Waukegan is passionate about the arts. From theatrical performances to fine arts clubs, Waukegan celebrates its rich and diverse heritage through an array of cultural programming. Activities designed to enrich people from all walks of life are available in the city and surrounding area.
The crown jewel of the city’s cultural landscape is the beautifully renovated Genesee Theatre, Waukegan’s premier performance hall. The theatre celebrated its grand opening on December 3, 2004, with a special appearance by Bill Cosby. When the Genesee Theatre first opened in 1927, it had seating for 1,799 people and was constructed out of seven tons of marble, some from the famous Carrera quarries of Italy. It also boasted more than 1,200 yards of tapestries and drapes. The theatre closed for renovation in February 2001 after the Waukegan City Council voted to approve funding to restore the theatre to its original glory.
The new $23 million theatre includes an entire block dedicated to the performing arts. Space for holding rehearsals, smaller community theatre projects and cabaret-style performing was added.
The stage and balcony were also expanded. Box seats were added, increasing the seating capacity to more than 2,450 people so that the theatre may house Broadway-caliber entertainment. The theatre’s showpiece is its 18-foot Baccarat crystal chandelier, which originally hung in the auditorium of the Orpheum Theatre in Seattle, Washington. The chandelier weighs approximately 2,200 pounds and features gold plated sconces with six different types of light bulbs and thousands of individual pieces of crystal.
Waukegan also offers many opportunities for aspiring actors and performers to hone their skills and entertain audiences. The Waukegan Symphony Orchestra and Concert Chorus make their home at the Jack Benny Center for the Arts, which were named in honor of one of Waukegan’s favorite sons. The center offers numerous fine arts and performing arts classes and private music lessons.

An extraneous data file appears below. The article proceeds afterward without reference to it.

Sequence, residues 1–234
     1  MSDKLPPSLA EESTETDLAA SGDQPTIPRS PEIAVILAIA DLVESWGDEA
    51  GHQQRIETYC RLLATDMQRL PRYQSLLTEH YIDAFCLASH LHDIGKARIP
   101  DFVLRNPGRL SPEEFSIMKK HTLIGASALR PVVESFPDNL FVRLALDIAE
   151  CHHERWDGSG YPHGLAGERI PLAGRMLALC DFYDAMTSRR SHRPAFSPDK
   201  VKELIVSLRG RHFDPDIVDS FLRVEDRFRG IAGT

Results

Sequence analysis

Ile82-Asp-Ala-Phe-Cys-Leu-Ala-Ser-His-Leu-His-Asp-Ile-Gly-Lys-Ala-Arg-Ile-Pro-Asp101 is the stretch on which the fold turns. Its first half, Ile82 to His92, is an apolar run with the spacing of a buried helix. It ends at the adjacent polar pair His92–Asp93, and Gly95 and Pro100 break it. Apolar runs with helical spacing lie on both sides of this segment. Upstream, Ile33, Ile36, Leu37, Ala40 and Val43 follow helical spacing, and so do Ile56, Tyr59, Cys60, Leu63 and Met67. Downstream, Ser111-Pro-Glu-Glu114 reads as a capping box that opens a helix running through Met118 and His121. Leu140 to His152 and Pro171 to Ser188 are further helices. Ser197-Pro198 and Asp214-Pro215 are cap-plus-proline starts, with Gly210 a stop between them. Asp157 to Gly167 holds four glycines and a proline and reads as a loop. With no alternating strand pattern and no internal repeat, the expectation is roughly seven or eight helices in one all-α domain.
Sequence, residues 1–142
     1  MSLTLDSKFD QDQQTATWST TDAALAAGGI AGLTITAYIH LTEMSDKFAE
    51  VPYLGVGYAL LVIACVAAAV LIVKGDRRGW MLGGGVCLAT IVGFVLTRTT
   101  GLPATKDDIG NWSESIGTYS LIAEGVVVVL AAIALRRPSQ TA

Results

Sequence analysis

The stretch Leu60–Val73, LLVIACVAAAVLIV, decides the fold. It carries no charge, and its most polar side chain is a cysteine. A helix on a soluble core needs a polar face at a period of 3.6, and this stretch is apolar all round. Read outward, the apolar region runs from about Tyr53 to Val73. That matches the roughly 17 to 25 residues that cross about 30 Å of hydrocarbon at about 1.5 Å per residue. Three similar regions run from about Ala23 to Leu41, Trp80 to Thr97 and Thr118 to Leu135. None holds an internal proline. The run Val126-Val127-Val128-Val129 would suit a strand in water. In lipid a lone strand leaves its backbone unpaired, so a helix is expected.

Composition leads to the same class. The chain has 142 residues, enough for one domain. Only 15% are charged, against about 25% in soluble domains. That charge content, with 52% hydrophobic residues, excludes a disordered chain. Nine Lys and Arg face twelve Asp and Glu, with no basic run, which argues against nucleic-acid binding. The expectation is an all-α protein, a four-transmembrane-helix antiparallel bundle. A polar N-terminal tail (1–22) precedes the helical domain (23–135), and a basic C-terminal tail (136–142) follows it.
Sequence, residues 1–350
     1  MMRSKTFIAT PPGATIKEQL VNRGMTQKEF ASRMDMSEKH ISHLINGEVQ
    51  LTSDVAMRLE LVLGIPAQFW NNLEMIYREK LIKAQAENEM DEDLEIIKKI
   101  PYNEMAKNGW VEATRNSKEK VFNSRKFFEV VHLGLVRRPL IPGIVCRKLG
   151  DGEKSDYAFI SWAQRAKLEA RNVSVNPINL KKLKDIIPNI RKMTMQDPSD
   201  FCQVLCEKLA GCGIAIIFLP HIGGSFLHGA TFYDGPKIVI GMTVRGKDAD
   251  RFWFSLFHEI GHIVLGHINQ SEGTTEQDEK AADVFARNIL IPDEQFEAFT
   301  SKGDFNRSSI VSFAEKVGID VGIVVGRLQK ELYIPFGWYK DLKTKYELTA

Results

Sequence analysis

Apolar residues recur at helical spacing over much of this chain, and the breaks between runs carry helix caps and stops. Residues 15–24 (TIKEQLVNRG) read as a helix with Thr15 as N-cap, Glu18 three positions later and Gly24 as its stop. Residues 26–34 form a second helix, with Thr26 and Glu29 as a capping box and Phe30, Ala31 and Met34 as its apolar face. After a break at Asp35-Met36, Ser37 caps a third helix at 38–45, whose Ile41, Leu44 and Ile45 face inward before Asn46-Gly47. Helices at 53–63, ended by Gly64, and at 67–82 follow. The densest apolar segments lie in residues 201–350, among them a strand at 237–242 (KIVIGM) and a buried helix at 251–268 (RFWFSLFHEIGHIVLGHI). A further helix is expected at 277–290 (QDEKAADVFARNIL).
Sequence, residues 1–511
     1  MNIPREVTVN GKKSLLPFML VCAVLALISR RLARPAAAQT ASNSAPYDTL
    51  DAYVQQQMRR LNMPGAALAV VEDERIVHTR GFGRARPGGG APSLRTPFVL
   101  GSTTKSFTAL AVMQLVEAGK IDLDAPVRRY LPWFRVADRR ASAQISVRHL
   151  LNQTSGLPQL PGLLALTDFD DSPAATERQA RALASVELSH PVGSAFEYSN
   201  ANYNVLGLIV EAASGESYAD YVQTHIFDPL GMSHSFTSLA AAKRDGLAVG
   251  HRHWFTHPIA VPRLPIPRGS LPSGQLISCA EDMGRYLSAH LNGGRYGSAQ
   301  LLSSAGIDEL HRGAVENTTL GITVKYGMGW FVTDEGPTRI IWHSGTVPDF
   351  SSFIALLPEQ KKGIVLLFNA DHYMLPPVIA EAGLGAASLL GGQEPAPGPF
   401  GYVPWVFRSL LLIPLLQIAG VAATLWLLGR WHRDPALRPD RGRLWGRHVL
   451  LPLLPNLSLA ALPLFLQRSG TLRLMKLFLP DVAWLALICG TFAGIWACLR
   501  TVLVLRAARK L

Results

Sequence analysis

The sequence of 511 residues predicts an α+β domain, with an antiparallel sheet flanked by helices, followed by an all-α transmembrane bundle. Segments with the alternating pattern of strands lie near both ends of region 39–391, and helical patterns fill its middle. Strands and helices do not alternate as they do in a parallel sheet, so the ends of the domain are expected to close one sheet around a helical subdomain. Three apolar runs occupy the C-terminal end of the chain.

The Bowen Park Theater & Opera Company, a professional theater company, offers a year-round calendar of delights. With its summer concert series, the Waukegan Band is a hometown favorite. They hold their concerts at the municipal beach in the Stiner Memorial Pavilion on Tuesdays in the summer. Waukegan’s downtown area is the site of a visual arts renewal, and many artists’ studios and galleries are proposed for historic Genesee Street.
Throughout the year youngsters delight in Bowen Park Theatre’s Summer Shows and Holiday Shows for Young Audiences, where actors perform for Waukegan’s youngest crowd amidst the background of the beautiful Bowen Park.
The Bowen Heritage Circle in Bowen Park offers classes and workshops in the arts, including painting, knitting, drawing and various crafts. To learn more about the city’s rich cultural heritage, visit the Waukegan Museum and the J.L. Raymond Memorial Research Library, part of the Waukegan Historical Society. At the Waukegan Museum, period furnishings, including many pieces from important Waukegan families, have transformed the house back to the high-Victorian opulence of the late 19th century. Additional rooms are used as exhibit spaces, showcasing items from the Society’s ever growing collection of Waukegan and Lake County memorabilia. The Historical Society’s research collections are housed in the library.
Dozens of local special interest clubs also play a vital role in Waukegan’s culturally vibrant community.
Both Chicago and Milwaukee are close at hand and offer major league sporting events, museums and area attractions. There are also hundreds of internationally acclaimed artists, entertainers and performers visiting each city that complete a full schedule of year-round cultural events.